The readings on which this sermon is based can be found at:

s161g13   Third Sunday of Easter  14/4/2013

‘Come and have breakfast ..’  John 21.12

This is the only time that Jesus actually contributes to a meal.   The risen Lord built the fire and provided the bread and the fish.   By far the majority of the 153 large fish the disciples caught were for others.   Jesus not only feeds the disciples, but provides the wherewithal for them to feed others.

This whole passage is about communion, about feeding.   Peter is told three times that he demonstrates his love for Jesus by feeding others, and the risen Lord takes the lead.

I have been thinking about what makes us human.   This was inspired by the words: 'Although people may think of their body as a fairly permanent structure, most of it is in a state of constant flux as old cells are discarded and new ones generated in their place.   Each kind of tissue has its own turnover time, depending in part on the workload endured by its cells.   The cells lining the stomach .. last only five days.   The red blood cells, bruised and battered after traveling nearly 1,000 miles through the maze of the body's circulatory system, last only 120 days or so on average before being dispatched to their graveyard in the spleen .. The epidermis, or surface layer of the skin, is recycled every two weeks or so. .. As for the liver .. its life on the chemical-warfare front is quite short.   An adult human liver probably has a turnover time of 300 to 500 days .. Other tissues have lifetimes measured in years, not days, but are still far from permanent.   Even the bones endure nonstop makeover.   The entire human skeleton is thought to be replaced every 10 years or so in adults .. About the only pieces of the body that last a lifetime, on present evidence, seem to be the neurons of the cerebral cortex, the inner lens cells of the eye and perhaps the muscle cells of the heart.' (1)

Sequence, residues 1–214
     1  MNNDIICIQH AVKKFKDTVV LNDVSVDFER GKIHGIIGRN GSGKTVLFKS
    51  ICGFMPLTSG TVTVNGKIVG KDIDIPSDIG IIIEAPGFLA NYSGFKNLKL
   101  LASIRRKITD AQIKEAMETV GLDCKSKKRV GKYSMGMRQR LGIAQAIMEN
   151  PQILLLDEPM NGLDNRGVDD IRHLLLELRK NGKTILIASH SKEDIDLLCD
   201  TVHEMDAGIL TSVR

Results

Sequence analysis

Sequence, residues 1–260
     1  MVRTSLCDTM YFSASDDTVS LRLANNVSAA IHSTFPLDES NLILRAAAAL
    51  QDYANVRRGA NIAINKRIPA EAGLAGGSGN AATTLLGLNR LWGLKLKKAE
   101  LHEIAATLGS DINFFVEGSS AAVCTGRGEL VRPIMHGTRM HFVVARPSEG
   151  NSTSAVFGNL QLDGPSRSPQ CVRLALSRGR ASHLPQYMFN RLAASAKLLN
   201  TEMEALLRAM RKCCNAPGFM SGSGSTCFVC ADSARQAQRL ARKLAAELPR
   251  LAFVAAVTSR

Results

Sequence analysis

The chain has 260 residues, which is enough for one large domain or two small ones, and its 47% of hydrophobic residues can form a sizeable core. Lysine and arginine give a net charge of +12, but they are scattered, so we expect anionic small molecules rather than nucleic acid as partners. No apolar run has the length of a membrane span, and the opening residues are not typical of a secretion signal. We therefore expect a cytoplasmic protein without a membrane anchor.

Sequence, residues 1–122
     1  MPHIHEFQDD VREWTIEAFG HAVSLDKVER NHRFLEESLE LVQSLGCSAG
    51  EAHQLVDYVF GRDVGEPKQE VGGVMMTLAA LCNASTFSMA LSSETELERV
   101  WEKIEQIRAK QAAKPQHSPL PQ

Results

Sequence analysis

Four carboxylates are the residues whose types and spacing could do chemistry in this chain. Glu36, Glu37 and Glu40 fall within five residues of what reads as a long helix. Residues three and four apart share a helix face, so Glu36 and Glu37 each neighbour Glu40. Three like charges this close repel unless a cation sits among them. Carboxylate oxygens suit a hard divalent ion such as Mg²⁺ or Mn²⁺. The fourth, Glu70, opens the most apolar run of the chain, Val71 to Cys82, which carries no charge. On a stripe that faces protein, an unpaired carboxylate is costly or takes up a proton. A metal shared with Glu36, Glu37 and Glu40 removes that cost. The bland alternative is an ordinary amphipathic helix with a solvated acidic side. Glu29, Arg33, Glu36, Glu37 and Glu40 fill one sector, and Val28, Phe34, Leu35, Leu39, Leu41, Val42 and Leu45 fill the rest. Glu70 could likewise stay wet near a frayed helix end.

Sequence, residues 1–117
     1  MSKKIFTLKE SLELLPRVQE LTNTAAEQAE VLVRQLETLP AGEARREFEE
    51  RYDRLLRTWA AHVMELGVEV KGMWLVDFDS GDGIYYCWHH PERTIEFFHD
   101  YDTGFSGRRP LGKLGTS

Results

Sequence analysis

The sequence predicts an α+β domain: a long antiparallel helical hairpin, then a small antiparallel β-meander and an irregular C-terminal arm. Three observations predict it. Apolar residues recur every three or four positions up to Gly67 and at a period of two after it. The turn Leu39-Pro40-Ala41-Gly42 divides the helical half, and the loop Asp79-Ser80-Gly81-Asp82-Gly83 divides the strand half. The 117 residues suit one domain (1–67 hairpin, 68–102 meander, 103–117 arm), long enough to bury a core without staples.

We are indeed physical, and we need food to feed the physical things we do as well as providing the wherewithal for this constant regeneration happening all the time.

We are all rational, emotional, relational, spiritual as well as physical and each of these is interdependent on the others.   But despite all this change and renewal, the person we are stays the same.   The soul, that unique person we are, that hopefully matures, given appropriate sustenance, remains uniquely 'us'.   The soul is not just our bodies or our minds, our emotions, or our relationships with others or that which is beyond, but neither can a soul exist without all these others.

The soul may not be able to be weighed but we know its reality every conscious moment we live, every time we look into a mirror, as we use our minds and feel our emotions, as we relate to others and to that which is beyond.

And it is the soul that speaks to me of a very special creator, albeit I accept that the bible's six days is but one account inconsistent with the other placed straight after, so whose actual purpose is not history at all.   It is as we glimpse our own souls I acknowledge that I, along with every other human and sentient being have value and worth.  

The God I worship is the author of each and every soul, and the faith I have is that God wills that all souls be fed.   And there are many ways to feed souls.    To destroy the soul, be that quickly through conflict or slowly through poverty and starvation, is to destroy God in that person.   It is important that souls are fed physical food, for real hunger drives people to desperate actions.   But the physical body needs exercise too.   I have experienced the benefits of Yoga on my physical, emotional and spiritual well-being in times past.   Good intimate relationships also feed our souls.   Destroying another soul is not just to destroy something God made, but something God made for us and for society.